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Why women live longer than men?

Yvette Bock (2022-04-19)


12154254616_4ccc24a25a.jpgEverywhere in the world women live longer than men - but this was not always the case. The available data from rich countries shows that women didn't live longer than men in the 19th century. What is the reason women live much longer than men today and how have these advantages gotten bigger over time? We only have partial evidence and the evidence isn't sufficient to support an absolute conclusion. While we are aware that there are behavioral, biological as well as environmental factors that all play a role in women who live longer than males, it isn't clear the extent to which each factor plays a role.

We are aware that women are living longer than males, regardless of weight. But this isn't because of certain biological or non-biological factors have changed. What are these factors that have changed? Some are well known and relatively straightforward, زيوت تطويل الشعر like the fact that men smoke more often. Others are more complicated. For example, there is evidence that in rich countries the female advantage increased in part because infectious diseases used to affect women disproportionately a century ago, so advances in medicine that reduced the long-term health burden from infectious diseases, especially for survivors, ended up raising women's longevity disproportionately.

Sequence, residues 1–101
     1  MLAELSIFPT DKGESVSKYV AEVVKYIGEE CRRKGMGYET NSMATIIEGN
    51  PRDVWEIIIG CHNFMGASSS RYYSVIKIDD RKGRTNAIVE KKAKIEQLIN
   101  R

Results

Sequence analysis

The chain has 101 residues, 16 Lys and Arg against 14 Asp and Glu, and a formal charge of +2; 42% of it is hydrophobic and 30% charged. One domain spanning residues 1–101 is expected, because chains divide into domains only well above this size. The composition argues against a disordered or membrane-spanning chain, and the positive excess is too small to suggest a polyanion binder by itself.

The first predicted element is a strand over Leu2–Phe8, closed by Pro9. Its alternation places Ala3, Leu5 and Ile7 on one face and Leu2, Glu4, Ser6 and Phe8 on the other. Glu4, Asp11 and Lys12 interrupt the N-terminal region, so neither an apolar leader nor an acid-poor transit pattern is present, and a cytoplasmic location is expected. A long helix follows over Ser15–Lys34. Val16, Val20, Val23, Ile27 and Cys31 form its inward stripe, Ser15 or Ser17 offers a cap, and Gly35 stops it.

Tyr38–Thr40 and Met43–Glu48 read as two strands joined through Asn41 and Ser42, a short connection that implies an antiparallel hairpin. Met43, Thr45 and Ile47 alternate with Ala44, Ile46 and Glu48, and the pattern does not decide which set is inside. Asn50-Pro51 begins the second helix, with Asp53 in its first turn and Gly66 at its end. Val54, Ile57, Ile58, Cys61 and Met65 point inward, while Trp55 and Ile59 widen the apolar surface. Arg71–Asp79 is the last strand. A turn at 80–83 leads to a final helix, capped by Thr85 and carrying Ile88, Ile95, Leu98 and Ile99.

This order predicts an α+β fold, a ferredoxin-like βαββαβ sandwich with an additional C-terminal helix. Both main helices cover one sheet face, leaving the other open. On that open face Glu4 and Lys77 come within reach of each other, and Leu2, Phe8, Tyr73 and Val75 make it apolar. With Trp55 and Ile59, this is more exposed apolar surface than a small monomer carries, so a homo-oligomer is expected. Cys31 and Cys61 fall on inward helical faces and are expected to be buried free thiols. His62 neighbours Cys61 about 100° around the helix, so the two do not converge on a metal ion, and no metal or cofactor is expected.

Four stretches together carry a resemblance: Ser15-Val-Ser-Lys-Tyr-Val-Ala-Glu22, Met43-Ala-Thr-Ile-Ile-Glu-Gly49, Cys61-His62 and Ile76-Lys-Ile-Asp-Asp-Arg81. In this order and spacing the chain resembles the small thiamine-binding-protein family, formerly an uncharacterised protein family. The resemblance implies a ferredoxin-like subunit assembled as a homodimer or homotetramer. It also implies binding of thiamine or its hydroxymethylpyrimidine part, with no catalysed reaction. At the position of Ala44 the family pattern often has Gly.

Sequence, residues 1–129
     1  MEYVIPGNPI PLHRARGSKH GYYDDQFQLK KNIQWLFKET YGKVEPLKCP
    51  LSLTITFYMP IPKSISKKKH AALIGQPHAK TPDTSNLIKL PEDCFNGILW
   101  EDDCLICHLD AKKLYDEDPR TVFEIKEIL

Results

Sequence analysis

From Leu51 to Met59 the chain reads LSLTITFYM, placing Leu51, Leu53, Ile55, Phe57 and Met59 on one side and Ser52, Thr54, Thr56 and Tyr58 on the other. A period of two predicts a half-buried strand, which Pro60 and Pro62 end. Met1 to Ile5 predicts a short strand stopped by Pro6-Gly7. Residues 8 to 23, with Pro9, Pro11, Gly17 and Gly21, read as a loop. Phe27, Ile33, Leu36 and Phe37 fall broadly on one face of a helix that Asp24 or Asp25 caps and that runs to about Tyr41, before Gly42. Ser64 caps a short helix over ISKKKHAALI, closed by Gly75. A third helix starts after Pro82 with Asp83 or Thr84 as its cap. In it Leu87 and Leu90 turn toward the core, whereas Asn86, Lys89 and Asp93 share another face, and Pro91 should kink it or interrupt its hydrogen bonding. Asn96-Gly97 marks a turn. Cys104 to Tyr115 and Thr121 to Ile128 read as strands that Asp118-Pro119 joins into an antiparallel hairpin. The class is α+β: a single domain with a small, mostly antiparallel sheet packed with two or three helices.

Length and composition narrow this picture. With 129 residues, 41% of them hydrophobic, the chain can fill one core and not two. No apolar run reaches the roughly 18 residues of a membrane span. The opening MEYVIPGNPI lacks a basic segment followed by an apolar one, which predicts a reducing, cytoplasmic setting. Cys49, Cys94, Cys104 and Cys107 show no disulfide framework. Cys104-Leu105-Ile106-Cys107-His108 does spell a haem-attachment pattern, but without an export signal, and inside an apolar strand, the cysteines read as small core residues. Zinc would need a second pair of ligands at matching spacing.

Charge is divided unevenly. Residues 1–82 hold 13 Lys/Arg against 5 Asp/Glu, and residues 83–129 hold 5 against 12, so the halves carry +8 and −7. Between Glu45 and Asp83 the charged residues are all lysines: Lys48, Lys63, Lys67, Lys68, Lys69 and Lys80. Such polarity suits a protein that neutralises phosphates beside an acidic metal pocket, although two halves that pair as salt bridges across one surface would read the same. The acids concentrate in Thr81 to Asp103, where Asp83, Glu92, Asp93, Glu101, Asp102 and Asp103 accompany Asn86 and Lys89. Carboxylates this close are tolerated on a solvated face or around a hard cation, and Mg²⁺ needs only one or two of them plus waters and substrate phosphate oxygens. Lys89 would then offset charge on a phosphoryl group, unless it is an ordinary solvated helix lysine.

Everywhere in the world women tend to live longer than men
The first chart below shows life expectancy at birth for men and women. We can see that every country is above the diagonal line of parity. This implies that a baby girl in every country can expect to live longer than her older brother.

This chart shows that, although women have an advantage throughout the world, the differences between countries can be significant. In Russia women live 10 years more than males. In Bhutan the gap is less that half a year.

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In rich countries the women's advantage in longevity used to be smaller
Let's take a look at how the female longevity advantage has changed in the course of time. The chart below shows male and female life expectancy at birth in the US between 1790 until 2014. Two things stand out.

The first is that there is an upward trend. Women and men in America have longer lives than they did a century ago. This is in line with historical increases in life expectancy everywhere in the world.

And second, there is a widening gap: The female advantage in terms of life expectancy used be quite small however, it has increased significantly during the last century.

You can check if these principles are also applicable to other countries with data by clicking on the "Change country" option on the chart. This includes the UK, France, and Sweden.